Writing the book was the easy part. The biggest challenge was when it came time to wear my publisher’s hat.  I was such a newbie I barely knew the meaning of SEO. But I’m a quick learner and one of my strengths is knowing what to tackle and what to delegate. At the suggestion of an author friend I signed with INscribe Digital to distribute Bones and Roses.  They have expertise and relationships with the various e-tailers I couldn’t hope to replicate on my own.
Next up, cover design. After pursuing some dead ends I hired the peerless Mumtaz Mustafa, who’d done the covers for several of my backlist titles, to design kickass covers for Books #1 and #2 of my Cypress Bay mystery series. She did an awesome job, as I knew she would. I ended up with two covers any publisher, traditional or otherwise, would be proud of.  The lesson is this: You get what you pay for.  Book design is not an area in which to skimp. Go with the best you can afford.

Editing is another must.  I’m smart enough to know I’m my own worst editor, so I hired a team of professionals, Samantha Stroh Bailey and Francine LaSala of Perfect Pen Communications. They’re both authors themselves, so they came at it from an authors’ perspective, and it was great to have two pairs of eyes. I highly recommend them.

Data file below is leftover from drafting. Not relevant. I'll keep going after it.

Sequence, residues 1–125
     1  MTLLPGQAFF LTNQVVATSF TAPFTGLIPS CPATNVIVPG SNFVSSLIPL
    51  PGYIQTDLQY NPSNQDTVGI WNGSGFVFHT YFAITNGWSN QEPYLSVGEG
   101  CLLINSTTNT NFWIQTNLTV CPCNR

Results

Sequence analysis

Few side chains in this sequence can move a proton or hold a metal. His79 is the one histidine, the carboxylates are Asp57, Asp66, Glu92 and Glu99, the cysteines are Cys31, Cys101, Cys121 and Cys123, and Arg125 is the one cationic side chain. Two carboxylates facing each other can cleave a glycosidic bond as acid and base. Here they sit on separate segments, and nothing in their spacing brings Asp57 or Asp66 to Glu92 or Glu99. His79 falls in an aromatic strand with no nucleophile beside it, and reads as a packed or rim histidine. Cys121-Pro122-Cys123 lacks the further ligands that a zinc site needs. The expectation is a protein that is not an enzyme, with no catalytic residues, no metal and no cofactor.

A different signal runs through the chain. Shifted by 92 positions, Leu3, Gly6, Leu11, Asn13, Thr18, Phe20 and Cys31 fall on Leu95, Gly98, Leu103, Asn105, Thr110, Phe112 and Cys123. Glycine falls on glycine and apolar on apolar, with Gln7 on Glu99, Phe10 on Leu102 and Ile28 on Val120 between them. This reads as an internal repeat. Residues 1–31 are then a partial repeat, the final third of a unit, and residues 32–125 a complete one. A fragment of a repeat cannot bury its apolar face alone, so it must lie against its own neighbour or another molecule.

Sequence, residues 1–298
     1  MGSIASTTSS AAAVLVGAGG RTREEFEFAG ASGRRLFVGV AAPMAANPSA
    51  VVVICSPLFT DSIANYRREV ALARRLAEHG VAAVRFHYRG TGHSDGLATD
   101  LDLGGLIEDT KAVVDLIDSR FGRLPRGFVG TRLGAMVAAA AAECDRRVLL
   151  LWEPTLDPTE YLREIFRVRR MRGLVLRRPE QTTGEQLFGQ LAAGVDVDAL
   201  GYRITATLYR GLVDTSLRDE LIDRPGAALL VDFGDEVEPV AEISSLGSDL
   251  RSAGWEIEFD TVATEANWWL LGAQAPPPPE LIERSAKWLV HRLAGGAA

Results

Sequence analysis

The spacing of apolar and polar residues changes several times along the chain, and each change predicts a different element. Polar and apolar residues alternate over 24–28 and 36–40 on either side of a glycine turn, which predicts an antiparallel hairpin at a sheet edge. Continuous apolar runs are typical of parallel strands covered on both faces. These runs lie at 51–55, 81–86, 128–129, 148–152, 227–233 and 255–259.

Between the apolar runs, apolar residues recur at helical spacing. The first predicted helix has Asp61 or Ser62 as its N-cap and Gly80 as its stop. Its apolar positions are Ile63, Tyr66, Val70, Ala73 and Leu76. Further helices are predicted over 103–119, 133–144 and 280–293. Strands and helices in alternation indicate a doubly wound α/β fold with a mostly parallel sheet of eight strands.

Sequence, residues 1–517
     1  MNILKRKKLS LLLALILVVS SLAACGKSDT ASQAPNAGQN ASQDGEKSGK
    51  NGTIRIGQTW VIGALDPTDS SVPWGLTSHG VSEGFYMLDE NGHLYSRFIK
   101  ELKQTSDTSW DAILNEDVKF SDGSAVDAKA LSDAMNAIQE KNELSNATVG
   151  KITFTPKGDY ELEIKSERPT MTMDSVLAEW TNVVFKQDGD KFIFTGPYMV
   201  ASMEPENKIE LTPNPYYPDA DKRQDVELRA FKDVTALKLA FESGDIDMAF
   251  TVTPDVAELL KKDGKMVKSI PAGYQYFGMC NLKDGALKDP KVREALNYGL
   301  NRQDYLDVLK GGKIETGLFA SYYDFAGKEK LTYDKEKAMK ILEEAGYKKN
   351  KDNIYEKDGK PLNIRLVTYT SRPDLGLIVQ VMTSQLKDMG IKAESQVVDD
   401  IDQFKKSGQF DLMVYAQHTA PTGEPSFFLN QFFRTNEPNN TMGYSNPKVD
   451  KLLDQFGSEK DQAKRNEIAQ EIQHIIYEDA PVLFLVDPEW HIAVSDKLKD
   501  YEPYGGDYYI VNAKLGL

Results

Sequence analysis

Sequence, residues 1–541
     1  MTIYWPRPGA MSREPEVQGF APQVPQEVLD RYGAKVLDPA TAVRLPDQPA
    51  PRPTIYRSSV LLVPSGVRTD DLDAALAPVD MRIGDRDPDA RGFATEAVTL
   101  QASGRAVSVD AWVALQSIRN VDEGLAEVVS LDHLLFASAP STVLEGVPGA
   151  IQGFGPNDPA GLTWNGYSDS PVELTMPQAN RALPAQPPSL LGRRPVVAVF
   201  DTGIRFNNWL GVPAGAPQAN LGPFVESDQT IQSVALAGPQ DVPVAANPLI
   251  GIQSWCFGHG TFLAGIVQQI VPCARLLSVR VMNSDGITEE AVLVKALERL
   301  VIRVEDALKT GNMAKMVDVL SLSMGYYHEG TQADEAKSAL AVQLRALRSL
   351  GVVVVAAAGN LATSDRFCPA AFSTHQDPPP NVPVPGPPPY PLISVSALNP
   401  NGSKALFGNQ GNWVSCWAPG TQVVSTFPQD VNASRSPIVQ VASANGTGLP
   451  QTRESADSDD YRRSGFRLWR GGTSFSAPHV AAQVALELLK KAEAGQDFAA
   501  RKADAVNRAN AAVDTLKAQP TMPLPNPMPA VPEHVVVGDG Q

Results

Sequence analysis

For digitizing I went with Polgarus Studio. Jason from Polgarus delivered in a record two days and did a great job at a great price.

With the approach of my pub date I knew I needed some marketing muscle, so I hired a whiz of the biz, Lauren Lee, with whom I’d worked in the past.  She guided me through the shoals and did online outreach while I did my part in becoming more active with social media and blogging. Hiring someone to assist with marketing and promotion isn’t essential if you yourself are adept at that kind of thing, but I’m a beginner so for me it wasn’t optional. I’m smart enough to know that word-of-mouth only works if you get the word out to begin with.

Now that the book is out there, only time will tell if the proverbial wolf will return or if its banished for good.  But I’m hopeful. Either way, I’m doing what I love without having to sell my body or my soul.    

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New York Times bestselling novelist Eileen Goudge wrote her first mystery, Secret of the Mossy Cave, at he age of eleven, and went on to pen the perennially popular Garden of Lies, which was published in 22 languages around the world, and numerous other women’s fiction tiles. Bones and Roses is the first book in her Cypress Bay Mysteries series. She lives in New York City with her husband, television film critic and entertainment reporter Sandy Kenyon. Keep connected with Eileen at her website, www.eileengoudge.com.